Gleason (15) | Close-Up Film Review
When Stephen Gleason, former American football star is diagnosed with ALS/ Motor Neurone Disease at the age of 34, it is not the end for him but the start of a remarkable story.
It is a very sad tale to watch, but seeing how Steve copes not just with his illness but using it to tell his still unborn child about life and later starting a charity to help other sufferers is truly remarkable.
The documentary about Steve and his terminal illness is directed by Clay Tweel who manages careful editing to put across the bravery not only of Steve himself but also the huge input of his wife Michel, who has stood beside her husband and been his main helper from the beginning of his illness to the present day. Six weeks after Steve received his terrible news, the couple found out that Michel was pregnant. Once Steve was told about how he would deteriorate, he decided to make a series of videos chronicling his experiences. He did this as a diary and also as a record for his son Rivers. The documentary was filmed over a five year period.
The very unusual point about this film, and how it differs from other documentaries about severe illnesses, is that this one shows the very difficult times as well as the happy or emotional ones. So we see Steve talking about how he soils himself after the stem surgery he has leaves him unable to control his bowels. We see Steve deteriorating as he faces increasing difficulty in walking, talking and eating. He has to use a wheelchair. Eventually Steve can only communicate by learning to type with his eyes . He has a good relationship with his son and with the help of his wife and carers is able to do activities with Rivers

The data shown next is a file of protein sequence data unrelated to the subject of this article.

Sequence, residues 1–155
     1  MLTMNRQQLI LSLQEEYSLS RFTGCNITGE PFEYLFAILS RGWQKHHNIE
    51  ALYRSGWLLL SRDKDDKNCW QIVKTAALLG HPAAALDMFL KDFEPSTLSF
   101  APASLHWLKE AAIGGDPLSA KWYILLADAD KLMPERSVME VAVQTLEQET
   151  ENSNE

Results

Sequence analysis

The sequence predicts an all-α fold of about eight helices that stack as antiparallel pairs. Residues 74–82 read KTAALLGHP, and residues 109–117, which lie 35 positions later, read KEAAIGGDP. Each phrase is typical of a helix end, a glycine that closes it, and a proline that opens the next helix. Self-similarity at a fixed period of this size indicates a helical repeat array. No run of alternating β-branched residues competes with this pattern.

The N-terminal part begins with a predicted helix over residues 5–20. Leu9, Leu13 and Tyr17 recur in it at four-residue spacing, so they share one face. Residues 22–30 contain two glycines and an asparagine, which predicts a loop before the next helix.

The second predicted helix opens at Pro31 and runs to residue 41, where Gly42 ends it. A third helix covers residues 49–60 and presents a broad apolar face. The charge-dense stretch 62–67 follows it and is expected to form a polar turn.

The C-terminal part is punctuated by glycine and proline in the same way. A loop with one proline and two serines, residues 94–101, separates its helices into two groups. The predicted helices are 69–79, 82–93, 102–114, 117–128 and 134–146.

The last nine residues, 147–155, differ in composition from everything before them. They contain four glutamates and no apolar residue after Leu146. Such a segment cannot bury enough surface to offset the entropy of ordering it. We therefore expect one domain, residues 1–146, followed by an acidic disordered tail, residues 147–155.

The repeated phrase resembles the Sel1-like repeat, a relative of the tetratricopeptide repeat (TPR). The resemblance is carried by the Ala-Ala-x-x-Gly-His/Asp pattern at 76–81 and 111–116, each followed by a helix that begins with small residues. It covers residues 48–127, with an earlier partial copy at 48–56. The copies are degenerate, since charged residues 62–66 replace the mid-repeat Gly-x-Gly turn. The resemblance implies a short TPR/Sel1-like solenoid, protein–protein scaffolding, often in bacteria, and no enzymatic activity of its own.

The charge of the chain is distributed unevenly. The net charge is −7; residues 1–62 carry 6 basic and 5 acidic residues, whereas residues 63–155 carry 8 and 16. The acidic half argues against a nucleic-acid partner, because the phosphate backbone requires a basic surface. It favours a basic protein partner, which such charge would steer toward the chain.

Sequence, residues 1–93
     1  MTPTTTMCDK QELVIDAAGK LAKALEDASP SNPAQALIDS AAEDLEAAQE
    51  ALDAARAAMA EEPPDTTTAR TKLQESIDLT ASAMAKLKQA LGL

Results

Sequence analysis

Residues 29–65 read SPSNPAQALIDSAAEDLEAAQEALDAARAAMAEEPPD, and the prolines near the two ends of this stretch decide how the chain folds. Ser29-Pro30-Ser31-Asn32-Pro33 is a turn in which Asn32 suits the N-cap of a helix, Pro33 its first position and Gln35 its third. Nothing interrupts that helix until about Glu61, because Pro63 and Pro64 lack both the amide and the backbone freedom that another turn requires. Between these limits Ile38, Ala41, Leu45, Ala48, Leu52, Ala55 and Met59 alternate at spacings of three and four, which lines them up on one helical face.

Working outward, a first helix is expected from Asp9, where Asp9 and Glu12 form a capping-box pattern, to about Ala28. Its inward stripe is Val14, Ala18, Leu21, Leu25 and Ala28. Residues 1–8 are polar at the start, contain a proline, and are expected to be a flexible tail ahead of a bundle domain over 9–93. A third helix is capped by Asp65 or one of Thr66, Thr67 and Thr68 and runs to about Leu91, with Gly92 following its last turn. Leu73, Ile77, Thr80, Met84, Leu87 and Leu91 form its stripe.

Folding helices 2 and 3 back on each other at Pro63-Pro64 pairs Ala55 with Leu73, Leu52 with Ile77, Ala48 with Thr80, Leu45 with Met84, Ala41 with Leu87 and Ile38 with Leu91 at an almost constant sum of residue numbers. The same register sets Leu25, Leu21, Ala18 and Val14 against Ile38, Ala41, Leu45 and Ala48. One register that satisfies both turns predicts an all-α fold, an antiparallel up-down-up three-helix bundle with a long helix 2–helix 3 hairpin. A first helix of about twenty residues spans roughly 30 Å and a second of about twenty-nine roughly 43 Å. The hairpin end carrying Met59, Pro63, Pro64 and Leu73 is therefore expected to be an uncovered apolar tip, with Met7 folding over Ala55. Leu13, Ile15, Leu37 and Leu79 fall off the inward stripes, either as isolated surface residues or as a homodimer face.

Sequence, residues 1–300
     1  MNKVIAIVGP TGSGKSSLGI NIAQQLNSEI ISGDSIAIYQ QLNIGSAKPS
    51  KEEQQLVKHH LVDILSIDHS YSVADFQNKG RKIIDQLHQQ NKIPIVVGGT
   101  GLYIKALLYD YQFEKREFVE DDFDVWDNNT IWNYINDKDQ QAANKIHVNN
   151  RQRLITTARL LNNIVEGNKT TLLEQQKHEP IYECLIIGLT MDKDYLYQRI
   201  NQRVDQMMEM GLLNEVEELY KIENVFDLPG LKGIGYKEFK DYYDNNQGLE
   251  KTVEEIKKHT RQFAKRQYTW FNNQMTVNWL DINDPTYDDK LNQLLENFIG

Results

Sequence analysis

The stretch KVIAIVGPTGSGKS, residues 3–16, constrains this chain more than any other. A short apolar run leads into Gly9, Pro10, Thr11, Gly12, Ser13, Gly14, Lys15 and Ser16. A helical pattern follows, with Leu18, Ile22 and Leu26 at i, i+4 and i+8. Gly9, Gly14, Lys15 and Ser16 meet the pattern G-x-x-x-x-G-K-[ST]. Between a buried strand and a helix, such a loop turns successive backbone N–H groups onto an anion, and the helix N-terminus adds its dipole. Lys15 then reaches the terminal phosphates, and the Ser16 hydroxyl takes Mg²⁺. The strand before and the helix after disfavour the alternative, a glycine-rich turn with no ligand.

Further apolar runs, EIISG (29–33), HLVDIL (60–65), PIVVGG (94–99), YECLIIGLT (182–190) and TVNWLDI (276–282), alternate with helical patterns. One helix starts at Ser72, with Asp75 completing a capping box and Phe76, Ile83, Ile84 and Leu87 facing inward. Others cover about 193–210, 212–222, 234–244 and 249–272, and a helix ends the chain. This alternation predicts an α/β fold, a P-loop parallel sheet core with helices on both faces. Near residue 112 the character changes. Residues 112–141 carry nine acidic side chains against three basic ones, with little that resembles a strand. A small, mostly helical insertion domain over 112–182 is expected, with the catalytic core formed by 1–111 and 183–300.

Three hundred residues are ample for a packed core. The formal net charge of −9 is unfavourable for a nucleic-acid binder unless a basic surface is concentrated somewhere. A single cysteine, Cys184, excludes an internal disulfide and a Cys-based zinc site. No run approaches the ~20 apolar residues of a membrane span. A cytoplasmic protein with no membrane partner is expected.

One of the most astonishing parts involves Steve’s conversations with his father, Mike. It is obvious that Steve and his dad have had a somewhat fractious relationship and that has continued into Steve’s decline. Mike believes that if his son truly turns to God then his health will improve. Mike even takes Steve to a faith healer but that doesn’t do any good. Later the two talk more frankly and by the time Steve is very ill his father is able to apologise and the two come together in a better relationship.
In the midst of all their enormous personal problems, Steve and Michel set up Team Gleason, a charitable Foundation to help others with ALS/motor neurone disease. At times we see Michel really struggling to cope but she carries on looking after her small son and her husband.
I was weeping as I watched. It is about Steve and his disease but also looks at his relationship with his son and with his wife. Michel is a very special woman who has obviously made a huge contribution to Steve being able to run his Charity and also interact with his son. I greatly admire Michel as well as, of course, Steve Gleason, Approaching 40, he is still pursuing life in the best way he can. I urge you to see this ultimately uplifting documentary.
Review by Carlie Newman